I move amendment No. 1:
In page 3, line 8, after “petroleum” to insert “or offshore petroleum”.
I very much welcome the fact this Bill has reached this point and that we are on the brink of a historic decision to prohibit fracking onshore. This is a very positive development and I commend Deputy Tony McLoughlin on his Bill and for getting it this far. Beyond that, and I think he would accept this, the greatest credit goes to the communities and environmental groups in a number of parts of the country that have fought to reach a point where we would take the decision to ban fracking. We are all fairly well versed in the reasons that should be the case. From the point of view of local communities in places such as Leitrim and Fermanagh and other counties which might be affected by fracking, it posed a mortal threat to water quality and to the unique landscape and the environment we enjoy in this country and potentially doing immense damage to farming, tourism, heritage, wildlife and to human health.
For all those reasons, it is critically important it is banned onshore.
There are other reasons, as our series of amendments suggest, that the ban should not just be on onshore fracking, but should extend to offshore fracking. The most important is we are in a race against time on the question of climate change. Ireland is already pitifully failing on its targets for reducing CO2 emissions into the environment. We are tragically making special pleading to the European Union, and it would appear we have been somewhat successful, to enjoy more flexibility in reaching those targets to allow us to have less ambitious targets for reducing CO2 emissions because of agriculture in this country. It is wrong. Do not get me wrong, we have to fight to defend our farmers and their interests but there are other ways to do it than special pleading to get out of the imperative to be fully part of and play a leading role in ensuring we tackle runaway climate change as a matter of urgency. We should be a model country precisely because of our heritage. We should be leading the charge for radical action to reduce CO2 emissions because of the unique environmental qualities of the country.
If we do not reach our targets, and at the moment the signs are we will not, we could potentially be facing billions of euro in fines by the EU. Against that background and given the threat climate change represents, the idea we would seek to discover and extract more hydrocarbons through other methods beyond the exploration we already do through conventional extraction methods is simply unconscionable. The vast majority of hydrocarbons have to stay in the ground if we are to have any chance of dealing with climate change. We should be taking a lead by saying we will not engage in either on-shore or off-shore fracking. It was included in the Bill I introduced in 2015 but the Government, in its wisdom, did not bring that Bill forward to Committee Stage. I am very glad Deputy McLoughlin's Bill has come forward but nonetheless it is lacking in its failure to apply the ban to off-shore fracking. It is, sadly, part of a more general failure of this Government to take seriously the imperative to deal with climate change and to take the sort of radical action necessary to do so.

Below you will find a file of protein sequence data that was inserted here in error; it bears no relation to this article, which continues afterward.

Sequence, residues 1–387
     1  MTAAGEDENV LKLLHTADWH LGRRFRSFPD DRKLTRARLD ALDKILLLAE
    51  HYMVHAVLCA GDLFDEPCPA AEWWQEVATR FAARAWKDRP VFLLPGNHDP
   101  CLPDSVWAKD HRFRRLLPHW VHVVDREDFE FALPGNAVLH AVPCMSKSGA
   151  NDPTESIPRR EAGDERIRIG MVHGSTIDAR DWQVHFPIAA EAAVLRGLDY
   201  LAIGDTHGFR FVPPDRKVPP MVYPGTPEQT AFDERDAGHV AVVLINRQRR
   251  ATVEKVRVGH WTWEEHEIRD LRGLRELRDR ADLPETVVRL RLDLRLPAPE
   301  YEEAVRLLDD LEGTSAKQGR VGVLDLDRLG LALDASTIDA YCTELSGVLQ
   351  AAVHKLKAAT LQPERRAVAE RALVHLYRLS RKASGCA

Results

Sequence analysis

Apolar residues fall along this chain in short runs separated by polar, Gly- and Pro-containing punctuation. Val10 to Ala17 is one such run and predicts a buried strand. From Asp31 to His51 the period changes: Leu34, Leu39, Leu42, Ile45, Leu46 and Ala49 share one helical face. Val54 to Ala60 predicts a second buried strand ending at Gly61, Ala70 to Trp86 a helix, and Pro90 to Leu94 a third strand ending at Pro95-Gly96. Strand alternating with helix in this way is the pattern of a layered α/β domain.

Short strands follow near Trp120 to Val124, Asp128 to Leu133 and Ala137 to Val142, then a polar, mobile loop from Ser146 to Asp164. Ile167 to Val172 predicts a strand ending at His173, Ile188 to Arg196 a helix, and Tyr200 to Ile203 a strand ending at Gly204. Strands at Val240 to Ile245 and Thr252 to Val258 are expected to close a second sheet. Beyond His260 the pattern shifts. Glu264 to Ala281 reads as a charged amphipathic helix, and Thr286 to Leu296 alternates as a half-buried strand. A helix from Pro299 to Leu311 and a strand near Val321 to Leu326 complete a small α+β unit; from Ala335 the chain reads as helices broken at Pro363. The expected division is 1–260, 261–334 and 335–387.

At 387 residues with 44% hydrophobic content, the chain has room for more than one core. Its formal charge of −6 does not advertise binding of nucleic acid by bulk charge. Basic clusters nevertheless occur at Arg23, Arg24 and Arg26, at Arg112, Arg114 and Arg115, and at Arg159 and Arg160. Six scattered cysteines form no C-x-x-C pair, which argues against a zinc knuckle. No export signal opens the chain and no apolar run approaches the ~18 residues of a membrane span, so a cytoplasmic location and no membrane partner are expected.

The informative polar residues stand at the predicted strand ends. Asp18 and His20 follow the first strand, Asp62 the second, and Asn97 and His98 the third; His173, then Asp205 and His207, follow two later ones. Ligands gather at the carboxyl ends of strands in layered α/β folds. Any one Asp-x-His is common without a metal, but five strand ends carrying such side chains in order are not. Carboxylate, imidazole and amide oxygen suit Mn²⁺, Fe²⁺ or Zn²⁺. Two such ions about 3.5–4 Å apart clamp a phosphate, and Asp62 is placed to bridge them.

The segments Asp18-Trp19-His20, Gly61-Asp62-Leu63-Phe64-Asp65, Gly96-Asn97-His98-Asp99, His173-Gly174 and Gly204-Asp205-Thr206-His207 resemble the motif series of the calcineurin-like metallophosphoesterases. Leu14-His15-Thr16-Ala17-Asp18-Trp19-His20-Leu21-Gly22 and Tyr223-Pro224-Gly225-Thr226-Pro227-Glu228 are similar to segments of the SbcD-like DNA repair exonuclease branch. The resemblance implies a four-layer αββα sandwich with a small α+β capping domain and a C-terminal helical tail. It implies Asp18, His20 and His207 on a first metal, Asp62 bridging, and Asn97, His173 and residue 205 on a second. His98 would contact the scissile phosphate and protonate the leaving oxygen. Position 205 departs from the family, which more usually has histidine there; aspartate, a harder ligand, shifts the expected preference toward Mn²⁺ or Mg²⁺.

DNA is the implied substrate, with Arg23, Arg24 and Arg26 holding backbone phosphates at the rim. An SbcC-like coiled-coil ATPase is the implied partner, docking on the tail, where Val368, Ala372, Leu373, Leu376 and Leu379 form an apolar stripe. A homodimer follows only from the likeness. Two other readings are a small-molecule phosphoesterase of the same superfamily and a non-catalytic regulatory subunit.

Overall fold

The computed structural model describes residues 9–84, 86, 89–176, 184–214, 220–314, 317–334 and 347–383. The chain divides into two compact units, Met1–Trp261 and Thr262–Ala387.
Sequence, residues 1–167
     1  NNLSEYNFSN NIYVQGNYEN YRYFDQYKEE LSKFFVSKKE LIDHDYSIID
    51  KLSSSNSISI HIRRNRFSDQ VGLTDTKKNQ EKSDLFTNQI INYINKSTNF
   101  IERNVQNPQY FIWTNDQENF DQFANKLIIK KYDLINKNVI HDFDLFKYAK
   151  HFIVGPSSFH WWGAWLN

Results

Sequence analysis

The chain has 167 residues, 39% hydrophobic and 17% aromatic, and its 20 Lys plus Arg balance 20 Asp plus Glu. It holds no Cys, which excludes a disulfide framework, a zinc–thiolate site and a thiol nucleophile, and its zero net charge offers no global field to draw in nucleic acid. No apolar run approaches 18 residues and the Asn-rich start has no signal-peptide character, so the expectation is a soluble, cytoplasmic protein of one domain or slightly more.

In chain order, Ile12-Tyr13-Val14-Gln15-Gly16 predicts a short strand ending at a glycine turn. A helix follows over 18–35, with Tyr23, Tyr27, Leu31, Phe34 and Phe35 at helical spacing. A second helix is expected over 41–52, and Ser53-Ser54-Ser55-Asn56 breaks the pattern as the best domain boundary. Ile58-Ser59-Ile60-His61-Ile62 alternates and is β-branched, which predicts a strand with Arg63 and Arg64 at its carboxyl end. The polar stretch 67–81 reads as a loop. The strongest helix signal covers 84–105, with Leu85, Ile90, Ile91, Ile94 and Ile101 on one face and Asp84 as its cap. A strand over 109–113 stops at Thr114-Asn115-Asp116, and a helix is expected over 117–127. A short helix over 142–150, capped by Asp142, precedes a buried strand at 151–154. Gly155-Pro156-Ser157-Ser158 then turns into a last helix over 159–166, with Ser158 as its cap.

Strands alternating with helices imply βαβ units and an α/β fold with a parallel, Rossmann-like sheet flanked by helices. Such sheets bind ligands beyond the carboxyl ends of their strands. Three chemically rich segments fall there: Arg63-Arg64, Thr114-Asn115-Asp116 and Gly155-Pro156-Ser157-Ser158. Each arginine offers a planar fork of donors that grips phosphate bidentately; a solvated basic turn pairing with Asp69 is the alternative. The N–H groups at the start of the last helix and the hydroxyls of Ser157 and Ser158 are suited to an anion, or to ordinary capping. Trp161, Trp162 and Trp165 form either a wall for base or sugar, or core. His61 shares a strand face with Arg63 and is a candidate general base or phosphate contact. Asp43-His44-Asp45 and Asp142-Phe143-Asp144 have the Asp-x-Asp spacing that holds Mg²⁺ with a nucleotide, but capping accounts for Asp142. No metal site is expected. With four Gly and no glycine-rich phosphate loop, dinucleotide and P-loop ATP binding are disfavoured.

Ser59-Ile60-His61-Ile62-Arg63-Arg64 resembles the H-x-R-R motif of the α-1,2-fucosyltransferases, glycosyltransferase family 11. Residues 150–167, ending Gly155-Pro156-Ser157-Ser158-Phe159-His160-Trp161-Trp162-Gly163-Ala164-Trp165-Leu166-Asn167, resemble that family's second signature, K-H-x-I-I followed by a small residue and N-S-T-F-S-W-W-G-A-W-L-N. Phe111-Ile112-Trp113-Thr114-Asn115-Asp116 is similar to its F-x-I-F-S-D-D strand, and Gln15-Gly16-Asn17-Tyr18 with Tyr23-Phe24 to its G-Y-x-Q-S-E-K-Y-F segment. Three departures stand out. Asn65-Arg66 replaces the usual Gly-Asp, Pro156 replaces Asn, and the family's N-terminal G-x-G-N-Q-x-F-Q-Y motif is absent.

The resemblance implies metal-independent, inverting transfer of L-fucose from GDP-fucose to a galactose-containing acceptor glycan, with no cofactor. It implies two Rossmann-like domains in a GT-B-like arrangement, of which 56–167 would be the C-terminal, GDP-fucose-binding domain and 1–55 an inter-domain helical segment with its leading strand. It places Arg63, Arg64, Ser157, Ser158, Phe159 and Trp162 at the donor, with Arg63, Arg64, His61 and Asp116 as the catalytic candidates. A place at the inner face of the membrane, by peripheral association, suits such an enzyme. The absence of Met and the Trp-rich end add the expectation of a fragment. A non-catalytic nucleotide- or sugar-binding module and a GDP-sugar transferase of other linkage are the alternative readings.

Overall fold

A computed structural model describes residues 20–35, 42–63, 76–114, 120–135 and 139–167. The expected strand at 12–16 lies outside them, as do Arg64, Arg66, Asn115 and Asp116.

The other point I will make is on the potential damage. We rightly acknowledge the potential damage to health, the environment, wildlife, the landscape, farming and so on caused by on-shore fracking but all of these dangers apply equally to off-shore fracking. When one looks at the experience of off-shore fracking off the coast of the United States, in the Gulf and off other areas of the US coastline, one sees tens of billions of toxic chemicals and waste water pouring into the oceans and poisoning marine life. It puts in chemicals that damage human life and seriously threaten the marine ecosystem. It is an absolute imperative that we ban off-shore fracking as well.
What we have to ban is not just fracking but any form of fracking-like extraction that could potentially have the same damaging effects or put the same toxic materials into the sea, land and water. The Bill is deficient in how it has defined that because the processes of fracking are very likely to change and this Bill may not capture them. I support the Bill but it needs these amendments to give it the full strength it deserves to have.